A high ranking Hungarian official dismissed the suggestion Wednesday that Hungarians might embrace a decreasing population for environmentalist reasons.
Hungarian Minister of Family Affairs Katalin Novak discussed the country’s pro-family policies during a meeting with reporters Wednesday, describing how Hungary seeks to address declining fertility and birth rates by encouraging and offering incentives for marriage and bigger families.
Novak pointed out that many believe that if a person wishes to save the planet, that person should abstain from having children. The Hungarian minister for families said she found the sentiment “crazy” and that such notions were not common in Hungary.
“We just say that it’s stupid,” she said. (RELATED: Hungarian PM Defends ‘Traditional Values’ And ‘National Identity’ In Tucker Carlson Interview)
Today I had a great time and talk with 🇺🇸 journalist @johngizzi, @henryrodgersdc, @TimConstantine1, @PeterRoff, @JenniferWishon and @BRNAgNews_Amie on Hungary’s family policy directions, aspirations and the overall demographic situation in the developed world. 🇺🇸🇭🇺 pic.twitter.com/z2ulLd9PMe
— Katalin Novák (@KatalinNovakMP) October 6, 2021
“That is an advantage of our politics, we speak frankly, we are outspoken,” she went on. “We use simple language that everyone understands.”
Hungarians wish to leave the planet in a better condition than they received, it Novak said — “But to who?”
“If you don’t have children, for whom do you preserve the planet for?” she asked. “You want to preserve it because you want to give it to your children and grandchildren….you cannot argue with something like that in Hungary.”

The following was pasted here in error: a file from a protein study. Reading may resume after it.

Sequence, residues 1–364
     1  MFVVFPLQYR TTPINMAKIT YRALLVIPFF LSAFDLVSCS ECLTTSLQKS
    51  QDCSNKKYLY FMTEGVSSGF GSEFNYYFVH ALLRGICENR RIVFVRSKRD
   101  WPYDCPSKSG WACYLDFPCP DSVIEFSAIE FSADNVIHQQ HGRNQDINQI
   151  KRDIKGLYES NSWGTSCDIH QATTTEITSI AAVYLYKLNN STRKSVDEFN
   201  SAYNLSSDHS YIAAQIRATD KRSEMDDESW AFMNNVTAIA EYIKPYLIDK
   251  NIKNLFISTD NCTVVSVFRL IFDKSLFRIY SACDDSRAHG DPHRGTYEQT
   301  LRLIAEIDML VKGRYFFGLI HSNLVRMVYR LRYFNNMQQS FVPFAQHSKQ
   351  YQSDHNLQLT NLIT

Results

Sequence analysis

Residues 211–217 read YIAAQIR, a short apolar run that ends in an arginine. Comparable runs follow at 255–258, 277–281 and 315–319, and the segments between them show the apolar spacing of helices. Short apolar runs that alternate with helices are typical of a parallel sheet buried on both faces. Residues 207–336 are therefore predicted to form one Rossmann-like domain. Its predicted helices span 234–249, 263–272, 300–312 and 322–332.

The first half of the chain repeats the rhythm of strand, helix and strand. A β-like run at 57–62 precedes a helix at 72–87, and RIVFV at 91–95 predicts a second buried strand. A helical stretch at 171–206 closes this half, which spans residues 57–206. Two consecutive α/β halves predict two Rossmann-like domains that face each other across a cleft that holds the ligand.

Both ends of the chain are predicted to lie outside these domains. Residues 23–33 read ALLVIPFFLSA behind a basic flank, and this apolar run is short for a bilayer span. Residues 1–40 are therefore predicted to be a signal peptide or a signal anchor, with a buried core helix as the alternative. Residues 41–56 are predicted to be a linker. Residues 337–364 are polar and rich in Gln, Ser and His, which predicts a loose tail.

One could make such an argument in Western Europe, she said, “because in Western Europe you cannot just stand up and say ‘it’s bullshit.'” (RELATED: Hawley Plan Gives ‘Marriage Bonus’ To Married Parents With Young Children)
Demographers warned The New York Times in May that an “avalanche” of “expanding and accelerating” demographic forces is driving global birth rates down at alarming rates, warning that by the second half of the century — or earlier — the global population will enter a sustained decline.
The publication described ghost cities in northeastern China, South Korean universities scrambling for students, hundreds of thousands of demolished properties in Germany, and shut down maternity wards in Italy, and warned that countries like Hungary, China, Sweden and Japan are already pushing to balance the combination of “swelling” older populations with the needs of young people.
U.S. fertility rates are at their lowest since the government began tracking such data in the 1930s, according to data from the Centers for Disease Control and Prevention’s National Center for Health Statistics released in early May. Census announcements from China also showed slowest birth rates in decades, the Times reported, noting that “the era of high fertility is ending.”
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